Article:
Talking about actual performance, the UI is snappy and the apps run smoothly without any hiccups. Though we did notice occasional lags and the software optimization seems the reason. The apps might also take a bit longer than usual to load when several apps are running in the background. So better opt for the higher RAM variant if you’re a power user. Watching videos and playing games on the Full View screen was an impressive affair. The device is great for entertainment purposes and you can play high-end gaming titles without worrying about stutters or overheating issues.
The M1 doesn’t disappoint in benchmark scores either and you won’t find such high scores from devices other than Redmi Note 5 Pro in this price range. The device scored 111774 points in Antutu whereas, in Geekbench 4.2 it scored 1334 points in single-core and 4550 points in the multi-core test.
Despite having a fingerprint sensor, the M1 features Face Unlock which is the new trend besides notch. The facial recognition, however, is very iffy and barely works even in good lighting conditions. The fingerprint sensor, on the other hand, is fairly accurate but takes a bit longer to unlock. Most of the time we had to literally rest the finger on the sensor before the device got unlocked.
The bottom-firing speaker produces a reasonably loud sound but the audio tends to distort at high volume. The bundled cardboard Max Box slightly amplifies the sound output and doubles up as a stand to place the phone in portrait orientation. The call quality is good and we did not face any signal reception issues.
The dual-camera setup at the back is now commonly seen on mid-range smartphones and the Zenfone Max Pro is no exception. There is a 13MP primary sensor along with a 5MP depth sensor at the back to aid bokeh shots. On the front, you get an f/2.2 8MP camera for selfies. Speaking of the camera app, it bears a stone age UI and looks like an amalgamation of settings and modes from different camera apps. The app is snappy though and is quick to focus but Asus really needs to improve it.
Speaking of photo quality, we found it to be lackluster at least with the stock camera app. The photos captured in different lighting conditions including daylight exhibited a lack of details even with the slightest zoom. The colour tone, however, looked natural yet vibrant without any oversaturation. Close-up shots, on the other hand, came good with adequate details. In low-light situations such as evening, the camera turns fragile as the photos taken with very stable hands often came out blurry and the colours looked totally off. The depth effect produces decent shots with a soft blur background but at times it mistakes portions of the subject as foreground thereby blurring it too.
The front-facing 8MP shooter is below par in terms of overall quality. The selfies taken in well-lit conditions weren’t that sharp and missed out on details. The colours also often looked slightly washed out while those captured in low-light were pretty grainy.
We feel the stock camera app is to blame which results in poor performance. Perhaps, the modded Google camera rather does justice to the camera hardware of this phone. To see for yourself, look no further than this video which compares the camera samples from both the stock and Google camera (GCam). In case you prefer using GCam then you need to unlock the bootloader and root the phone, after that you need to enable ‘camera 2 api’ and install the GCam app.
Zenfone Max Pro Camera Samples
Tip: View the above camera samples in their original size on Google Drive
The massive battery has always been the key highlight of the Asus Zenfone Max series. The M1 continues the trend by packing a 5000mAh battery which now supports fast charging. The battery life, however, turned out to be underwhelming in real-life usage which we didn’t expect. Though the device can easily last an entire day of heavy usage, we expect longer runtime considering its large capacity.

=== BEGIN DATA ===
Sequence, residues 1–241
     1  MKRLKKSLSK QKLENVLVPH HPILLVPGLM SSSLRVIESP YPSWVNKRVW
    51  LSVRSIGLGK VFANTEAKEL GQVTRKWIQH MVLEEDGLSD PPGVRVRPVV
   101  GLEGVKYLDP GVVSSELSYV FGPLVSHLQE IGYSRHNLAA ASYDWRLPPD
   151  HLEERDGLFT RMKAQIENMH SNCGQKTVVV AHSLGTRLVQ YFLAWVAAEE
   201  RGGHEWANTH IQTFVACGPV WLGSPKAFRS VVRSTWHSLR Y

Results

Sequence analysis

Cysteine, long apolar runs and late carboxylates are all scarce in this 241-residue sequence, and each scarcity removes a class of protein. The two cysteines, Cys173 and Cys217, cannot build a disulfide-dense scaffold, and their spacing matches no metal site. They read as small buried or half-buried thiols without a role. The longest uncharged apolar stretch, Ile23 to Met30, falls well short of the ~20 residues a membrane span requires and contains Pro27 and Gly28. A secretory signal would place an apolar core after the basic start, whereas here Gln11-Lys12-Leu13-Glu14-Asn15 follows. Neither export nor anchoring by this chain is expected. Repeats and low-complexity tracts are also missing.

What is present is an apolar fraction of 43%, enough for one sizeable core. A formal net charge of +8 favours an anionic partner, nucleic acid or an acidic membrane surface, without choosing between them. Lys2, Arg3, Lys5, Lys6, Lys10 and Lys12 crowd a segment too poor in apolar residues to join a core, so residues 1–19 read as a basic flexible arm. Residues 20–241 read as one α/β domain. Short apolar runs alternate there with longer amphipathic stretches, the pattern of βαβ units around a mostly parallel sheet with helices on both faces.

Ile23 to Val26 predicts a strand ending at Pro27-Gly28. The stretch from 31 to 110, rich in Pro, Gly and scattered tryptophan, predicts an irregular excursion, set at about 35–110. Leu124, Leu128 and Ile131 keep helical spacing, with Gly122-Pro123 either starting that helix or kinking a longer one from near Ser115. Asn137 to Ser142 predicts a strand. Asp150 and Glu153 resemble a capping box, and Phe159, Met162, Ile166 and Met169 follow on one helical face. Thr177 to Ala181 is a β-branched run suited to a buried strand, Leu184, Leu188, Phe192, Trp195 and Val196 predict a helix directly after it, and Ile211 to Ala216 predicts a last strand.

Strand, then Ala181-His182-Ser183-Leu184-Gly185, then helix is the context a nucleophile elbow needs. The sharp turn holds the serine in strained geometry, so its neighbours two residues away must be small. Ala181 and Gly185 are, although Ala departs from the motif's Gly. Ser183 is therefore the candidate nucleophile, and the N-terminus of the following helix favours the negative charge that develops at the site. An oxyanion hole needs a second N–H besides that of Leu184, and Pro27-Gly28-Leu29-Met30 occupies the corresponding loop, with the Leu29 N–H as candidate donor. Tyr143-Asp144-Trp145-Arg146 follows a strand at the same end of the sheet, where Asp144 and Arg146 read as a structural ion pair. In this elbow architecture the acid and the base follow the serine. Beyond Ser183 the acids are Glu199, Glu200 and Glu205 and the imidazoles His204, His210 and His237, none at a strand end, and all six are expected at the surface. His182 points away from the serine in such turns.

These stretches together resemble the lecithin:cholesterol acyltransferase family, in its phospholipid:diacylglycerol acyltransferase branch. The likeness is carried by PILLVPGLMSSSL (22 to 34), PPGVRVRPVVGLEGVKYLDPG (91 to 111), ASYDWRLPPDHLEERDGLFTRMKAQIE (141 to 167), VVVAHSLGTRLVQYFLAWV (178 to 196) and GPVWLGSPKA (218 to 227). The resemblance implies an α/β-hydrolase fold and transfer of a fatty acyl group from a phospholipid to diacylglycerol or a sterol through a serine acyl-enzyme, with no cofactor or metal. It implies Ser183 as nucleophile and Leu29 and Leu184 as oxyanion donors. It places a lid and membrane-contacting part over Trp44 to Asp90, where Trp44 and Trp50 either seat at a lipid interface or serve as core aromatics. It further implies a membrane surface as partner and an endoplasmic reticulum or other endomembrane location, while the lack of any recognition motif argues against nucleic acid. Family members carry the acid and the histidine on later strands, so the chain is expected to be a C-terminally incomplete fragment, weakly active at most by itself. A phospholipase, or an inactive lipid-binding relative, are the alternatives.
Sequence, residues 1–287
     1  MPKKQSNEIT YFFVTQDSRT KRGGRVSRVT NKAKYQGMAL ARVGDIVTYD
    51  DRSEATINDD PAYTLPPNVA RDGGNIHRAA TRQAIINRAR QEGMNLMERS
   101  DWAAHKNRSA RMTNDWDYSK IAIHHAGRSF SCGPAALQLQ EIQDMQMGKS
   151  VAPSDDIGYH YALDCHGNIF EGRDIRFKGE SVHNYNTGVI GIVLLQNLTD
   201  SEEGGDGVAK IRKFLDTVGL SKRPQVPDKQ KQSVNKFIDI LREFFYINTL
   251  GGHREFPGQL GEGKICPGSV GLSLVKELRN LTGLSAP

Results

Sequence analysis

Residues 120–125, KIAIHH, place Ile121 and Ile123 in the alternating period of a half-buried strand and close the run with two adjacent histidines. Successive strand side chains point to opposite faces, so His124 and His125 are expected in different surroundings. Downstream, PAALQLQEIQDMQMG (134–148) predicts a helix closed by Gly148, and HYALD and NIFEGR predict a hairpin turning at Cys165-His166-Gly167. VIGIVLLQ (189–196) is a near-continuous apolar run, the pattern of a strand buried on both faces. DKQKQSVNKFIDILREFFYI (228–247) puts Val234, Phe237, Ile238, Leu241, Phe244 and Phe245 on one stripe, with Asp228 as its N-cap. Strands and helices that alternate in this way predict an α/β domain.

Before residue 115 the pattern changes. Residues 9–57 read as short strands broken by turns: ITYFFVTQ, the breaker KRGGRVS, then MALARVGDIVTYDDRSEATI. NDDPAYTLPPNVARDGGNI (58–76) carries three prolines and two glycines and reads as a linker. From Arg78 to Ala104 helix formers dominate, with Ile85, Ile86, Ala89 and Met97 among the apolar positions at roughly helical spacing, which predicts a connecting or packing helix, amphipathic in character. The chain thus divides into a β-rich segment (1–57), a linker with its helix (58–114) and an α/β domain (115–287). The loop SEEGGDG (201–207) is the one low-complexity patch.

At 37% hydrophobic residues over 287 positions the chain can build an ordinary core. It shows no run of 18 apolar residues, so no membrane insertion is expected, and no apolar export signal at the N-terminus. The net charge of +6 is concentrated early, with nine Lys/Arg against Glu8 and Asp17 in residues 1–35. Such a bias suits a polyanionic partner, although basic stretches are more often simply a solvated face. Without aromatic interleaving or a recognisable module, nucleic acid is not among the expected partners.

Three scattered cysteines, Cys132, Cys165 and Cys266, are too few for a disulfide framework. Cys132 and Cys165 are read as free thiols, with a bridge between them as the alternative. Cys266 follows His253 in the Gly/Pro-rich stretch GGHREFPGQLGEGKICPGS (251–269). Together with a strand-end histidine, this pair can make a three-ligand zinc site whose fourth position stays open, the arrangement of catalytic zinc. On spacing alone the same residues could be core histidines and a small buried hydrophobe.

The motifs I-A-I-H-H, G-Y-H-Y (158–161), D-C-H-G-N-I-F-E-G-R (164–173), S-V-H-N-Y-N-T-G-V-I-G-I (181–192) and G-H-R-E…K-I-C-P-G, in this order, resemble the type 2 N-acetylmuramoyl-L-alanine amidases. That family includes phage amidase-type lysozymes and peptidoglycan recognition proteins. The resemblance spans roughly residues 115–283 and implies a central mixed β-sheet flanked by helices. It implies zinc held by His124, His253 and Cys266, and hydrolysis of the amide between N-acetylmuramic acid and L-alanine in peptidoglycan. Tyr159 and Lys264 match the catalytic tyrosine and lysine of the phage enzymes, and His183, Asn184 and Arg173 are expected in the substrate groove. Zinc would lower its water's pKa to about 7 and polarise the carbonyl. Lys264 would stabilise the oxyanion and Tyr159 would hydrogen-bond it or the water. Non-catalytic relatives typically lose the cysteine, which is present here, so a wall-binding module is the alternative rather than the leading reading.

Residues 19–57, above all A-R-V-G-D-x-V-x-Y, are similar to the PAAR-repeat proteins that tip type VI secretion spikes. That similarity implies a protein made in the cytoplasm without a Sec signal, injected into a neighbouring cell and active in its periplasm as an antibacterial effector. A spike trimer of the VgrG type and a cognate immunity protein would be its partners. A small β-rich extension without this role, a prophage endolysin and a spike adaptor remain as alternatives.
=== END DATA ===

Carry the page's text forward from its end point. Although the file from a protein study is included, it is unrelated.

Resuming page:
When fully charged, users with a moderate usage pattern can expect two days of runtime without the need to charge. While those with heavy usage involving 4G data, video streaming, continuous access to social media apps, gaming, etc. can run out of juice within 30 hours (includes overnight) with a screen-on time of about 8 hours. At the same time, the Redmi Note 5 Pro delivers relatively better results despite having a smaller 4000mAh battery.
The bundled 10W charger charges the device from 0 to 48 percent in about 40 minutes and up to 86 percent in 2 hours with the device powered on. This is not bad considering the size of the battery but it does get pretty warm while charging. We are not sure if the phone supports reverse charging like previous models and that is something Asus hasn’t advertised.
With a starting price of Rs. 10,999, the Asus Zenfone Max Pro is certainly one of the best smartphones in a budget. The M1 offers the best value for money and has a slight edge over its one and only competitor – Redmi Note 5 Pro, at least for now. Though both the devices house the same chipset, the Zenfone Max Pro comes with a bigger battery, dedicated microSD card slot, stock Android and a relatively lesser price (for the 4GB + 64GB variant that is available for Rs. 12,999). Above that, Asus has readily released the kernel source code and official bootloader unlocking app for the M1 (ZB601KL).
That said, the device does have few shortcomings, the major ones being the poor camera app interface, underwhelming battery life, slow fingerprint sensor, and iffy face unlock. Fortunately, these aren’t a big concern and most of them could be fixed via software updates. The camera app also needs an overhaul before it could churn out promising results. Summing up, it is safe to say that Asus has a clear winner in the mid-range smartphone battle with the Zenfone Max Pro.
|Solid build and design||The camera app needs improvement|
|Runs on stock Android||Inconsistent face unlock|
|Impressive display||The fingerprint sensor isn’t fast|
|Smooth performance||Relatively less battery life|
|Reasonably priced||Average selfie camera|